Have heared that one may mix Pfu and Taq polymerases (Fermantas). Taq
is copying Pfu verifying. Have any of u tried this combbination? I'm
planning to introduce two nucleotide changes in 1kb DNA fragment. So
far I made set of 6 PCRs (I'm using so called SOE-PCR method with
overlapping extensions) but my RedTaq polymerase made so many mistakes
that I started to sworn it very badly.
Thanks for advise
I come from a country where less that 1% of country earnings is
subscribed for science. We do not have money for reactions using only
Pfu polymerase, so that's why I asking u these things
That won't work. Pfu is a polymerase. It's not capable of
proofreading without polymerizing. So, it won't follow Taq around and
act as a high fidelity proofreader. If you mix the two enzymes, you'll
have some strands of DNA that are high fidelity (which were synthesized
by Pfu), and other strands that will be low fidelity (which were
synthesized by Taq). The only solution here, as I see it, is to only
use Pfu if you are needing high fidelity reactions.
Alex B. Berezow, Grad Student
Dept. of Microbiology
University of Washington School of Medicine
Seattle, WA 98195
That works since some companies are selling those kind of mix (I think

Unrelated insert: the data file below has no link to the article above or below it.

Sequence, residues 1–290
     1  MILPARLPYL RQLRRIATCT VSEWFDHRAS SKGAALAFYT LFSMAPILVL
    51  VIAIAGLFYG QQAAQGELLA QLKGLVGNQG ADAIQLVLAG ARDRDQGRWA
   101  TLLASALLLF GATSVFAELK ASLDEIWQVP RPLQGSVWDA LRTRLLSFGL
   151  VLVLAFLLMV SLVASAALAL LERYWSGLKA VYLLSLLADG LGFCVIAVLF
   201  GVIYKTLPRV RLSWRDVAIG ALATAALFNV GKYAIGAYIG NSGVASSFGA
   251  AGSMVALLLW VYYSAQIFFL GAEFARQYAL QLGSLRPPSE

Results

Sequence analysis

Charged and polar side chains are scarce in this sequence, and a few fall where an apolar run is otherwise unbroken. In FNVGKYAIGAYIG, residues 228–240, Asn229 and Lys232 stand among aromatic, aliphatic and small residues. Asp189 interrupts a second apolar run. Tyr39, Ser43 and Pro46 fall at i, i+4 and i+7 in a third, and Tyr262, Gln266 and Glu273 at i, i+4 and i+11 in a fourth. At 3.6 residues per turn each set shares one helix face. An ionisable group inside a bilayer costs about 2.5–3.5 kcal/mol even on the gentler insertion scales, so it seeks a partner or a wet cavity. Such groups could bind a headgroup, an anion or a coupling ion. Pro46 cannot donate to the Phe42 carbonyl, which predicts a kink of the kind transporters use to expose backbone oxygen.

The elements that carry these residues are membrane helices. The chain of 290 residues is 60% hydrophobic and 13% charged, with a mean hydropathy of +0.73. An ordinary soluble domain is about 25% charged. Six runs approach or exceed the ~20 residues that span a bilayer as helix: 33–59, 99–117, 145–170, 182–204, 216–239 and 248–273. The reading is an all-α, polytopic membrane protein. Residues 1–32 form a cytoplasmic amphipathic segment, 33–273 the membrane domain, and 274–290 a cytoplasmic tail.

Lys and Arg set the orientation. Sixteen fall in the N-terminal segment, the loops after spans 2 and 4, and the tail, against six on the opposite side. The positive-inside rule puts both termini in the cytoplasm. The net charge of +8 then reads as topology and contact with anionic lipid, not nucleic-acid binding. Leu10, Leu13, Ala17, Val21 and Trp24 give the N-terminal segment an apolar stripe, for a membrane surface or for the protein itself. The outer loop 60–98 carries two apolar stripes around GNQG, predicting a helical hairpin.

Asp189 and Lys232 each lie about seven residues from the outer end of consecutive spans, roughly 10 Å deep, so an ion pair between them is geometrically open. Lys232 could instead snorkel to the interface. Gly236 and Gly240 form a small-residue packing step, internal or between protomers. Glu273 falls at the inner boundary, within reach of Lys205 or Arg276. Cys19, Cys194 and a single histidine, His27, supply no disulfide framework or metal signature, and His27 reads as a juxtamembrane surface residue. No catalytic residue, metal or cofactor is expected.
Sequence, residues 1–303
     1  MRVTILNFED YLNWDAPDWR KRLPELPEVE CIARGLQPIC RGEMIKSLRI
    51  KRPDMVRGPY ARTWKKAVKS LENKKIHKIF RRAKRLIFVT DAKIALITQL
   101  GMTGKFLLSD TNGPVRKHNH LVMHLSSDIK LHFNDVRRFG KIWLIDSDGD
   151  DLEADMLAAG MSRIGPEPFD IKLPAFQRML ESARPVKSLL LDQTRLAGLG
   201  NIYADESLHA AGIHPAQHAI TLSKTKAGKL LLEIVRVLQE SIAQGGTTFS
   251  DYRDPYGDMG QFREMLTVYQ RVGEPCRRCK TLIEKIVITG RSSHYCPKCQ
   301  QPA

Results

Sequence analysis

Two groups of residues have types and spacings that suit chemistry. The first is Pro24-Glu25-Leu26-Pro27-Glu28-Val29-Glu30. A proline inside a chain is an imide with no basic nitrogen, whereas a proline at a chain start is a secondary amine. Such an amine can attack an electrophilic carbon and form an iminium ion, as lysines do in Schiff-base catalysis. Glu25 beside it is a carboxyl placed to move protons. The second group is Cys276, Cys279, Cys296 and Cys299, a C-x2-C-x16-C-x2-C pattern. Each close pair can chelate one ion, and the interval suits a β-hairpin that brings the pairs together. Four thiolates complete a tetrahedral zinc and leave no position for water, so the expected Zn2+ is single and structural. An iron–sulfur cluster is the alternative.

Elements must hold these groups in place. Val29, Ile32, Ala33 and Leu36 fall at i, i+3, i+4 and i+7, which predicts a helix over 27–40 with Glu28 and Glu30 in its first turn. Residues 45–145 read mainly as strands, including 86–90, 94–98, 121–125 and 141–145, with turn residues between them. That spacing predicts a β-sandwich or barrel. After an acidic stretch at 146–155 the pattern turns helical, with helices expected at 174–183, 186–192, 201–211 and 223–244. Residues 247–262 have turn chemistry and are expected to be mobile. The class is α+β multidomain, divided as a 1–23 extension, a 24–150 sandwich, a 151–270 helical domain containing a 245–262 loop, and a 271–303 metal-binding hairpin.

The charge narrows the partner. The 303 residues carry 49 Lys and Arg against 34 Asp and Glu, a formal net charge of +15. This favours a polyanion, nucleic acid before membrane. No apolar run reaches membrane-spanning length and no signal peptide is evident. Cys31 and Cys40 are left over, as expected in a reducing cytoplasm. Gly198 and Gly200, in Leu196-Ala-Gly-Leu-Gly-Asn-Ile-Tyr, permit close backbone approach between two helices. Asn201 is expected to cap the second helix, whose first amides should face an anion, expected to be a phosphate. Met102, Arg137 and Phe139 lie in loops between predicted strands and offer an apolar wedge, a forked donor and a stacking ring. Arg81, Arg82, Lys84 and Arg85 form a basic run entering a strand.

it is BD, but I can't remember for sure) mostly for long PCR. You are
supposed to have speed (Taq) and accuracy (Pfu). But I have no idea how
it actually works. And you'll have to be carefull with buffers.
Thanks for advice. I've tried Pfu:Taq in 1:10 proportion. In agarose it
looks great - comparing to my PCRs when I was using RedTaq (Sigma) I
have much more product (without cjangieng PCR program, 25 cyceles only)
I'm thinking if may be rhis result is even too good, cause more product
- more mistakes - even when I use high fidelity polymerase, am I right?
On 28 May 2006 00:42:26 -0700, [Only registered users see links. ] wrote:
I'd take it as more empirical than theoretical. But in that spirit,
here is a rationalization (rather than an explanation).
Processivity (ability of the polymerase to proceed down a chain
without falling off) is not absolute. The Taq Pol is used here without
any processivity apparatus (e.g., beta clamp). Stalling at an error
(mismatch) enhances falling off. So if Taq makes a mistake and falls
off, the proofreading Pol may bind and correct the error.
I vaguely recall when this came out, but don't remember any details. I
would assume that the procedure itself is strictly empirical. It
should be covered in your course on Black Magic.
I'd suggest that the OP follow the (Pfu) supplier's recommendations.